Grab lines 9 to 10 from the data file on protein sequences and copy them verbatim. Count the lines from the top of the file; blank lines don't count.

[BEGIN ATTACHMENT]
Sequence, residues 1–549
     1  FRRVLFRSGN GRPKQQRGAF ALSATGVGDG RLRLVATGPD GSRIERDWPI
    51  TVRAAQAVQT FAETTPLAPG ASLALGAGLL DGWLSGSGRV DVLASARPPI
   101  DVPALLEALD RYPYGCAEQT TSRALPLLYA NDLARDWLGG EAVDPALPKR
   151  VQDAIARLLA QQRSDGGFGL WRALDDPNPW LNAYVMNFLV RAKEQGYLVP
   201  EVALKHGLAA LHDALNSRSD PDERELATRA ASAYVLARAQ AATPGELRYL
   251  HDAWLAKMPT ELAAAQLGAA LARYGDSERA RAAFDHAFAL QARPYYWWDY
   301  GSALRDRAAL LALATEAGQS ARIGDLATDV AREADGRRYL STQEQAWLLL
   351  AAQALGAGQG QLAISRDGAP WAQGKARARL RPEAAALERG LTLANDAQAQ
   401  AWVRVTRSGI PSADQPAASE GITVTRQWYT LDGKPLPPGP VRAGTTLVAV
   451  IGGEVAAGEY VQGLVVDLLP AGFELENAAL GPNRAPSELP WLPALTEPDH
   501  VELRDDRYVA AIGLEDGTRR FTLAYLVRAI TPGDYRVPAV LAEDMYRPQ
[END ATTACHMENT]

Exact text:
   351  AAQALGAGQG QLAISRDGAP WAQGKARARL RPEAAALERG LTLANDAQAQ
   401  AWVRVTRSGI PSADQPAASE GITVTRQWYT LDGKPLPPGP VRAGTTLVAV